By Dan Cava
June 22, 2018
Still wondering about that film we wrote about last year, the one that was being shot on Central Avenue in the Plaza Midwood area of Charlotte? It’s finally here, and it was worth the wait.
In American Animals, the genre-bending heist movie opening in limited release this weekend, young college men attempt to trade one American enterprise for another. Distrustful that the college conveyor belt will produce all of the specialness it promises, they opt for another tried and true entrepreneurial option, crime.
“This is not based on a true story,” the opening credits assure us, right before the statement changes to, “This is a true story.” The seemingly clear statements contradict just enough to set the tone for Animals tantalizingly unsteady treatment of truth. That the line between fact and memory remains blurry for the duration is one of Animals most beguiling pleasures.
American Animals is the first scripted feature from documentary director Bart Layton, whose previous credits include the exceptional crime doc The Imposter. The Imposter skillfully combined interviews and non-fiction footage with actor-driven reenactments, obscuring the border between truth and lies. Here in American Animals, Layton takes his tactics a step further, making it clear that the re-creations that make up the bulk of the movie are driven by the real-life participants’ varied recollections. The guys’ stories essentially coincide; and yet we catch small divergences along the way, a subtle suggestion from Layton that, yes, all of this happened, but…
The event in question is the 2004 robbery of extremely rare books from a university library in Kentucky. Spencer (Barry Keoghan, Dunkirk) and his new friend Warren (Evan Peters, Quicksilver in the recent X-men movies) feel the stuck in the stupor of suburban life and become convinced that the thrill and reward of a multimillion dollar theft will wake them up. The second half of the film deals primarily with the crime itself, in which the inexperience of the would-be bandits blooms into a series of harrowing mistakes and wrenching moral problems. The heist is grippingly presented (Anne Nitkin’s throbbing score and Ole Bratt Birkeland’s moody camerawork works wonders here), but it’s the atmosphere of spiritual dread set up by the movie’s first half that lingered with me the longest.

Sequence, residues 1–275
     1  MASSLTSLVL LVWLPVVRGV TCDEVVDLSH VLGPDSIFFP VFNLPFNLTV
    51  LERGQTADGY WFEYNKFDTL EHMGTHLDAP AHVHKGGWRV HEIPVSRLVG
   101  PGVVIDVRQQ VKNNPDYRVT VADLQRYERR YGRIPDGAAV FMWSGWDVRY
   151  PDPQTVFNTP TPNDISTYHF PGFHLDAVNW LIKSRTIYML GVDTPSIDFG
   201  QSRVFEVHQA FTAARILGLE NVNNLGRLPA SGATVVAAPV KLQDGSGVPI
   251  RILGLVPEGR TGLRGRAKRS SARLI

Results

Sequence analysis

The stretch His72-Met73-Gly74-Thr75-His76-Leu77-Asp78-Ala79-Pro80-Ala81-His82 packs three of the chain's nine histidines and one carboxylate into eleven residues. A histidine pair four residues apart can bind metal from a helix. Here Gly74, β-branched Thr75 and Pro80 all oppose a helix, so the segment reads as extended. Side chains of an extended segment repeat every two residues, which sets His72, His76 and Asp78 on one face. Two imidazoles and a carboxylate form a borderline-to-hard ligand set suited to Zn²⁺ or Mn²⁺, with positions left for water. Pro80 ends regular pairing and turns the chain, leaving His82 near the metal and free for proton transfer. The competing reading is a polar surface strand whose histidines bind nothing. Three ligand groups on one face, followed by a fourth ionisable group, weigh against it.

In American Animals, “why” becomes more important than “how.” Layton makes quick and convincing work of setting each young man’s personal crisis within the sterile promises of American privilege. The cast, comprised of semi-familiar faces from American Horror Story, Dunkirk, and Glee, perfectly shoulder the existential burden. One boy’s seemingly happy parents suddenly split, while another’s enact the rituals of family life without passion. A fraternity hazing ceremony is both jubilant and utterly humiliating. A college entrance interview asks Spencer about himself, but quickly brushes aside his life story. “Let me stop you right there,” the examiner says. “Tell us about yourself as an artist.”
They are the products of Civilization, but Civilization doesn’t seem to be interested in their souls. The adult world that awaits them after college, with its grind of educational, relational, and vocational conformity, isn’t delivering on its promise of personal fulfillment, much less hold any of the defining experiences that the college entrance interview seemed to demand. Why not take the other option, the one they themselves have seen immortalized in the movies? Why not get a little predatory, a little uncivilized?
There’s something perceptively Fight Club-ish in the way American Animals depicts the conflicting demands of college masculinity. The title of the film refers to the rare books the guys are trying to boost — which include copies of Darwin’s Origin of Species and Audubon’s The Birds of America — but really it’s our young anti-heroes, prowling for meaning in the valley of the American dream.
The film’s action is set in Kentucky, but it was largely shot in the Charlotte area. Astute viewers will easily recognize the Duke Energy Center’s neon presence in the city’s skyline. Davidson College stands in as Transylvania University, where the actual 2004 events took place, and a handful of other Charlotte landmarks pop up throughout the movie. (My favorite location cameo was South Charlotte’s Chinese restaurant Wan Fu, which doubles as a nonexistent Kentucky restaurant named…Wan Fu.) Ultimately, however, we get the sense that director was going for a kind of Typical City, USA vibe; and the choice to use Charlotte’s modest skyline and sprawling suburbs works beautifully.
American Animals is a small film, but the limited canvas allows the film to go deep where other similar movies might tend to go wide. Animals works as a riveting thriller, a fascinating cinematic experiment, and as a rueful rebuke to the modern American happiness machine.
Now playing at the Regal Manor Twin Movie Theatre.
Star Rating: 4 out of 5